With more parts of the world engulfed in revolution than ever, depicting the moment and the aftermath has never been more important, and Manchester Cornerhouse is the latest to visually represent the turmoil and beauty of upheaval.
Global events are today captured more than ever through media – and a good time for Cornerhouse’s revolutionary (in every sense of the word) exhibition, Anguish and Enthusiasm.
Off the back of the Arab Spring, the display combines a range of media in a compelling and thought-provoking journey through changes in society in the last two centuries.
A concoction of films (both long and short), paintings and drawings, is spread out over three galleries and is something of an eye-opening experience.
Cornerhouse’s Director of Programme and Engagement, Sarah Perks, described how the process of bringing the display to life began.
“We’ve been doing over the last five years a series of issues looking at international socio-political concern, particularly conflict,” she said.
“It is an increasingly pertinent question with a lot going on in the Middle East and North Africa and artists and filmmakers struggling to deal with it.”
After discussions about the issue it was decided to see what relevant work on the topic was being done that could be grouped together.
“We wanted to look back,” Sarah explained. “We thought quite a bit about the Russian revolution in 1917 and got inspired by Russian writer Victor Serge.”
Serge’s writings provided not just the title of the exhibition but infused into it a wider sense of how society functions following major changes.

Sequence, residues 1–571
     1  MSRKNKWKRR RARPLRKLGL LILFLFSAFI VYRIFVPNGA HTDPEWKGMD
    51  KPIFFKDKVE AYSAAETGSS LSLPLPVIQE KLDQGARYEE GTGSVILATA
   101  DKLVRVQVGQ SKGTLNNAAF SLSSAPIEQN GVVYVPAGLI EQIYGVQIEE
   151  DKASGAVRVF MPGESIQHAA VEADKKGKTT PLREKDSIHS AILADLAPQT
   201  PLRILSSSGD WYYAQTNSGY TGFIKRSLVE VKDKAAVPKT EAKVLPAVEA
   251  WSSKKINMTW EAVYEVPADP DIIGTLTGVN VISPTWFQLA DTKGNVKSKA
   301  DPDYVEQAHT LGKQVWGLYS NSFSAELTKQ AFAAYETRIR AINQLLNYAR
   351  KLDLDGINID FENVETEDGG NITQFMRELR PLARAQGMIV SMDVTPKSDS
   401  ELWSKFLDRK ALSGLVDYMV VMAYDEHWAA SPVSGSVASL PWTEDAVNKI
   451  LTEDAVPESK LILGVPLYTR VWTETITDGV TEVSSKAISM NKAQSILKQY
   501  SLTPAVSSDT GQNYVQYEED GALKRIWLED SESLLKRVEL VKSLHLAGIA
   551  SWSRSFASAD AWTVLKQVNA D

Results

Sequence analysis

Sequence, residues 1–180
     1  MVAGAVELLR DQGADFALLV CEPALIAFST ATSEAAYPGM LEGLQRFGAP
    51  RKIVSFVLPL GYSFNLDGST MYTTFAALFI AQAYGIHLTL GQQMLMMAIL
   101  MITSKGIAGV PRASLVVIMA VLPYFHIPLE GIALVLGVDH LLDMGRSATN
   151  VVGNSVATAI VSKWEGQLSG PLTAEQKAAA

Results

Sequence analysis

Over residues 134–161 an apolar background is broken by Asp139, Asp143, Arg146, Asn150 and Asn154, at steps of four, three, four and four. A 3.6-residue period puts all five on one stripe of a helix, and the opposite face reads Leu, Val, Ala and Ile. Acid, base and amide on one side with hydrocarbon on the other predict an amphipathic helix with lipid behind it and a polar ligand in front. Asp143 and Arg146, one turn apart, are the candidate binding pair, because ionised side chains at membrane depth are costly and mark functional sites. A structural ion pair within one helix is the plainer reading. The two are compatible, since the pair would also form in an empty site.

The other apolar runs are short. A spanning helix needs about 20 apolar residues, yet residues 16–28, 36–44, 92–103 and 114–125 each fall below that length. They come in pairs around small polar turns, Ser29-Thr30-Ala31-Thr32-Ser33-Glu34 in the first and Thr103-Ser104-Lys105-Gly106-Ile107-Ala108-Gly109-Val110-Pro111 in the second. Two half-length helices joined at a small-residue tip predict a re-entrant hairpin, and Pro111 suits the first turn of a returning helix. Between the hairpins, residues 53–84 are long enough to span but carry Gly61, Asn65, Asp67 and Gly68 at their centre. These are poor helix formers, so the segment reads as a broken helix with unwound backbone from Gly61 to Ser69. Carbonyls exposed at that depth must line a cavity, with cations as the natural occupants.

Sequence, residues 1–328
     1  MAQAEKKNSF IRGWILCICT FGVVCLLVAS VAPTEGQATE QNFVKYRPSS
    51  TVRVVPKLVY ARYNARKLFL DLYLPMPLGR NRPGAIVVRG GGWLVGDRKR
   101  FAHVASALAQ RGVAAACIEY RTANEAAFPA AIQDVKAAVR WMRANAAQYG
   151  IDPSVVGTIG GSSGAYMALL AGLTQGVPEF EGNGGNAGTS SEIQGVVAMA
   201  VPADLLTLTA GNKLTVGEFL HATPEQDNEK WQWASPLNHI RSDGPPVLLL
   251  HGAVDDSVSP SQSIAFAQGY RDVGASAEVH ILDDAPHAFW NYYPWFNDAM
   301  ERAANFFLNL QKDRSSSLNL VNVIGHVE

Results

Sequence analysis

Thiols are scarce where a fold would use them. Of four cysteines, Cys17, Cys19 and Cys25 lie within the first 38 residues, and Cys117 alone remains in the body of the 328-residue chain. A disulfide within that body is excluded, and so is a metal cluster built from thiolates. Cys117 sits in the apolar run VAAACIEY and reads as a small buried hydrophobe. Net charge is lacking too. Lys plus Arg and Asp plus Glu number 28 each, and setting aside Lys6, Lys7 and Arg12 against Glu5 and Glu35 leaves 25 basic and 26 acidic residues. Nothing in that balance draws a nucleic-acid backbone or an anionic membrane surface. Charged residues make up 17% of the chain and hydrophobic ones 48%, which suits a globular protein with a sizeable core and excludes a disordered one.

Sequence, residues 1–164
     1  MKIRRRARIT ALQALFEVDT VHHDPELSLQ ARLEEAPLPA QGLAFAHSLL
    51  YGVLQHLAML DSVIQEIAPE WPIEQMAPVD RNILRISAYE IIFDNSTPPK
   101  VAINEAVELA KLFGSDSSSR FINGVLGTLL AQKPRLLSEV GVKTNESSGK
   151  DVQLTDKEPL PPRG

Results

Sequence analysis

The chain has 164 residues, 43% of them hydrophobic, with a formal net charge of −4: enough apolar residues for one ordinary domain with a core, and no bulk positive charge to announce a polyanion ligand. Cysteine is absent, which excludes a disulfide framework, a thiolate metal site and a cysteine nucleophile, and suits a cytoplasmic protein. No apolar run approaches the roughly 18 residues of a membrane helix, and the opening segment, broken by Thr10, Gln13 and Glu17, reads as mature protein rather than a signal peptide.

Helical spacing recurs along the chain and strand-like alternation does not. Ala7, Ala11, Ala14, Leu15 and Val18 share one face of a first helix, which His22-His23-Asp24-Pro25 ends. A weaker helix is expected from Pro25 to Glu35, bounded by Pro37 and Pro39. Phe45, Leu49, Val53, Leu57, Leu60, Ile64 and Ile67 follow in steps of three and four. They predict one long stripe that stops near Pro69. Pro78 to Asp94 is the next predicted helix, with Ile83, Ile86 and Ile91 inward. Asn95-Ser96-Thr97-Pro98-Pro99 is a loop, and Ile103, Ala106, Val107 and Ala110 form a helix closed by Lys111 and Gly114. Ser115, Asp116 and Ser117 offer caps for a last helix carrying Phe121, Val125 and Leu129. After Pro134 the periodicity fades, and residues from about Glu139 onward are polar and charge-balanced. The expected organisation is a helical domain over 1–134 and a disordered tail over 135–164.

She said: “If someone wants to topple a government then everyone comes together to topple them, but then everyone remembers they came in for a strategic alliance, and the different groups start to fight each other.”
Nowhere is the aftermath of a revolution more profound than in one of the four new commissions specifically for Anguish and Enthusiasm – the installation known as Gag.
Developed by artist Sarah Pierce, it is an arrangement of the leftover debris from creating the exhibition – giving the impression of a ‘mess’.
“That’s what you are faced with afterwards,” added Cornerhouse’s co-curator.
“It’s not clean, it’s not easy and no one really knows what’s going to happen afterwards or how long it will take.”
Of the new commissions, Sarah is particularly proud of what she feels are ‘special’ pieces, believing it always to be a real honour to be able to commission artists on specific themes.
Much research went into getting the most out of the notion of revolution, including an exploration of such issues in Havana last year.
Sarah said: “We were asking some people how they felt after the Cuban revolution, and they would reply, ‘hang on, it’s not finished – we’re still in the revolution’.
“We also thought about Black Panthers in America and how women have gone through various revolutions.”
The death of a young black man, Oscar Grant, in a bungled police shooting in Oakland in 2009 was another incident that encouraged a new commission – a replica of a street mural of Grant.
Sarah explained that the large painting, located outside Cornerhouse’s cinema, highlights the struggle still taking place for young black people in America.
She revealed the mural itself has had good feedback from the public.
“I like the way some people look quite personally at these issues and some look a bit more distant and use references and have a detached way of looking at it,” she added.
In all, there are 13 pieces scattered around the exhibition, portraying contrasting representations.
These include French Impressionism, African struggles, and the long-term effects of the Cultural Revolution in China – though Sarah argued parallel themes emerged throughout.
Sarah said: “This kind of exhibition is one where we set out wanting people to think and work a little bit harder, but not for it to be immediately obvious – that doesn’t mean inaccessible by any stretch.
“A common reaction for people is one of needing to come back and spend a bit more time looking at Anguish and Enthusiasm and to not be apologetic about it – there’s a lot of work in it.
“We don’t want to tell people what to think either.”
Anguish and Enthusiam is running until August 18 and is free to visit.
Image courtesy of Cornerhouse Manchester via YouTube, with thanks